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Experts Weigh in at Third and Final Logan Square Corridor Meeting

By Darryl Holliday | October 1, 2014 9:09am
 "Guidelines" for the Logan Square Blue Line station set affordable housing and green space as goals.
Logan Square Corridor Meeting
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LOGAN SQUARE — The final installment of three meetings set to provide a framework for development at the Logan Square Blue Line station concluded as a panel of experts reviewed resident proposals.

More than 180 people gathered at the Hairpin Arts Center, 2801 N. Milwaukee Ave., Tuesday night, many returning to the public series after using building blocks and an aerial map of Logan Square’s Milwaukee Corridor Development Initiative to visualize what combination of development resources could be used in the area.

Out of the 28 building block designs laid out for the intersection of Milwaukee Avenue and Logan Boulevard on Sept. 16, four were chosen for an hour-long analysis by a panel of professional developers Tuesday night.

All 28 designs revealed a funding gap of anywhere from $3.2 million to $13.1 million dollars, according to the Metropolitan Planning Council. But identifying the range of development plans could help residents make difficult "trade-off" decisions for the neighborhood as a $492 million renovation of the Blue Line introduces the possibility of transit-oriented development at the Logan Square station.

Of the proposals developed over three meetings, affordable housing consistently topped the list, in no small part due to a consistent contingent of Bickerdike representatives and tenants who attended each public meeting in support of establishing subsidized housing for low-income residents at the site.

According to Marisa Novara, program director at the Metropolitan Planning Council, polling outside the three meetings found comparable support for full market rate apartments at the location.

The Council’s expert panel consisted of Sarah Wick, a project manager for Related Midwest; Todd Cabanban of Cabanban Rubin and Mayberry and Mikki Anderson, vice president of The Michaels Organization.

Suggestions from the panel members included adding retail shops and multifamily buildings at the site, rethinking the direction of Kedzie Avenue and considering upcoming plans at the nearby Megamall site in connection with redevelopment along the corridor.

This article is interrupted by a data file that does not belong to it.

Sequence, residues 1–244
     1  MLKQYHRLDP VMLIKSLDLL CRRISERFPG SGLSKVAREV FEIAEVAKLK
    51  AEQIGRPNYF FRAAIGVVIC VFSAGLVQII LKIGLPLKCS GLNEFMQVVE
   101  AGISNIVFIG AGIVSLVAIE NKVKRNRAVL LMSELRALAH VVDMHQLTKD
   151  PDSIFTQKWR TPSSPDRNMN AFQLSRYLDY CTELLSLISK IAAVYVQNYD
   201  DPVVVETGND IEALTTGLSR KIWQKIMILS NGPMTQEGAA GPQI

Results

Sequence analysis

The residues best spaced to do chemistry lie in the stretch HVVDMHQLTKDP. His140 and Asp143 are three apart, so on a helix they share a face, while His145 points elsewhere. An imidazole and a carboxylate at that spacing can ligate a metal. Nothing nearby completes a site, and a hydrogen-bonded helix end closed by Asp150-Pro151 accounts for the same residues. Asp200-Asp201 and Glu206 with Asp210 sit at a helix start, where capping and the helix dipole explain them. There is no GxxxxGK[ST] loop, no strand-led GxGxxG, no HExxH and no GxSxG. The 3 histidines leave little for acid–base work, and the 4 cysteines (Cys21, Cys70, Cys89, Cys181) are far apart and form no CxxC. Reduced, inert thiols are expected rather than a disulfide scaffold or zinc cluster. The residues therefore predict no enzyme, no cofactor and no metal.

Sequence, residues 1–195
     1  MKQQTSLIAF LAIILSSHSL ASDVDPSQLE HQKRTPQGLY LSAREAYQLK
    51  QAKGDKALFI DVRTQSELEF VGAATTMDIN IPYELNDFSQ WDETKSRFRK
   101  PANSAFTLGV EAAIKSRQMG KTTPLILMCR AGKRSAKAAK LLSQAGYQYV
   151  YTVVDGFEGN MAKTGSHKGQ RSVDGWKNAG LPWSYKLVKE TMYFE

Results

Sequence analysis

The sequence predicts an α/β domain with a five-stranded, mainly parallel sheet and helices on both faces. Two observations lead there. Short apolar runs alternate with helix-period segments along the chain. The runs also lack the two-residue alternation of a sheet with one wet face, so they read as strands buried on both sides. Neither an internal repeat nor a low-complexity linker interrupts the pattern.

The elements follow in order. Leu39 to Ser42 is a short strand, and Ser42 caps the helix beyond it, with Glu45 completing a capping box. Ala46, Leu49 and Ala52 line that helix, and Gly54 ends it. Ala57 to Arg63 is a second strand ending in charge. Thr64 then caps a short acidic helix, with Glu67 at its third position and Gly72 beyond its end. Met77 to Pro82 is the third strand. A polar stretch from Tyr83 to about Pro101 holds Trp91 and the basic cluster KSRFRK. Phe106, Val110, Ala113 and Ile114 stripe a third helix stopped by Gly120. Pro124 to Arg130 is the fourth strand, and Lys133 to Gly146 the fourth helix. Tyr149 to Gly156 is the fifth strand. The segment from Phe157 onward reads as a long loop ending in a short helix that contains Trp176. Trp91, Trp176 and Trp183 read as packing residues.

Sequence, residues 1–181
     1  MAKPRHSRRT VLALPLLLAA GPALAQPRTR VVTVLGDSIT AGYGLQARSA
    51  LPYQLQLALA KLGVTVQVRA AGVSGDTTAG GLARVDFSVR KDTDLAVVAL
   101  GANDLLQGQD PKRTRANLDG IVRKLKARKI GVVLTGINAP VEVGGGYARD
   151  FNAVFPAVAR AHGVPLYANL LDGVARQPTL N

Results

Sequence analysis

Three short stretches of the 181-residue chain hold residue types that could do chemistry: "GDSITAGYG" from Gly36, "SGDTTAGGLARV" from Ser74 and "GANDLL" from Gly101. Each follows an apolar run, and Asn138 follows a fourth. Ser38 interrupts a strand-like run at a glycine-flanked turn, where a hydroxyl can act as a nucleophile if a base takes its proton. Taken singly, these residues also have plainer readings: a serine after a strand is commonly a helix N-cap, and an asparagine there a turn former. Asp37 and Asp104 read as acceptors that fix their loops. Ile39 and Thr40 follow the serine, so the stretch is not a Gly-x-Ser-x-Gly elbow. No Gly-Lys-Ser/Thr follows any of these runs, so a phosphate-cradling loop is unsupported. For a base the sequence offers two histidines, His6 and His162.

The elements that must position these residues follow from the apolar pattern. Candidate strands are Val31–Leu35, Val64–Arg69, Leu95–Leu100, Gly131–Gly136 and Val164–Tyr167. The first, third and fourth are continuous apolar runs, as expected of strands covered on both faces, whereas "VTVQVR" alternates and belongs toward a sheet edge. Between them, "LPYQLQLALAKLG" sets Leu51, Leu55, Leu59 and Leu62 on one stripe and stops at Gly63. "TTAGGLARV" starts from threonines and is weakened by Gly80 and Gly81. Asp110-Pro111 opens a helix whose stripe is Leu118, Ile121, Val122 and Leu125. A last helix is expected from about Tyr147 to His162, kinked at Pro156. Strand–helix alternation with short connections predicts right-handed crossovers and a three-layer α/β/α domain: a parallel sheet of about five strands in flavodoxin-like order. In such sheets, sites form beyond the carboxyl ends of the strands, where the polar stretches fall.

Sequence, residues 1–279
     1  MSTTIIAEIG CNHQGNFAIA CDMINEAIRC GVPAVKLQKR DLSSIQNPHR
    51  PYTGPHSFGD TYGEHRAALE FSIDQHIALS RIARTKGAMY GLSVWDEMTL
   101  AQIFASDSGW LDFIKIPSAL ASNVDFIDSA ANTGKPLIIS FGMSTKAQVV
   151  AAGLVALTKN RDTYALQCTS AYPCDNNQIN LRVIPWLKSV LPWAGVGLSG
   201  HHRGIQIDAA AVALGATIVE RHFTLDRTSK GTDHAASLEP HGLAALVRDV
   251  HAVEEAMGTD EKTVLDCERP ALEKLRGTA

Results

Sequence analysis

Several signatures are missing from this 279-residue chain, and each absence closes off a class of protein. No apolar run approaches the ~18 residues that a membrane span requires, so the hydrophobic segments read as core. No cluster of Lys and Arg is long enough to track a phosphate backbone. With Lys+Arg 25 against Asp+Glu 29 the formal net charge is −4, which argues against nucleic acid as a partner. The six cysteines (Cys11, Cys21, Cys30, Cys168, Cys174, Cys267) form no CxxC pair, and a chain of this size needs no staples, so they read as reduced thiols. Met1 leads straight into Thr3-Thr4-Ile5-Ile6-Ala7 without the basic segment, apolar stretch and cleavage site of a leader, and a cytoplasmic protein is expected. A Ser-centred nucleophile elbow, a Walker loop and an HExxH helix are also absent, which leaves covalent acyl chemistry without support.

“The Megamall and new development could change some things you want to see,” Cabanban said, cautioning against tying retail too closely to transit around the Blue Line station while noting that the area is a “very important retail intersection.”

“I think you’ll continue to see an evolution of retail and retail uses” as the area continues to develop, he added.

While 75 percent of the hands-on designs showed a retail component, one resident at Tuesday’s meeting questioned using the public land for “private good” while others voiced clear support for residential building on the Blue Line station lot that would be 100 percent affordable housing.

Those proposals and others will eventually be printed, bound and used as reference packets for upcoming developers and development plans, according to Ald. Rey Colon (35th).

“These scenarios are guidelines. Everything is a give and take,” he said. “This gives an opportunity for people to see these are the values of our neighborhood. Before they even out paper to pen they’ll know what the neighborhood wants.”

Meetings regarding the central corridor will continue throughout the process as representatives from the Chicago Transit Authority and the Department of Transportation weigh in and and zoning changes eventually come before residents in mandatory public hearings.

As part of the planning process the Metropolitan Planning Council is inviting community members who couldn’t attend the meetings to weigh in on the designs via an online survey.

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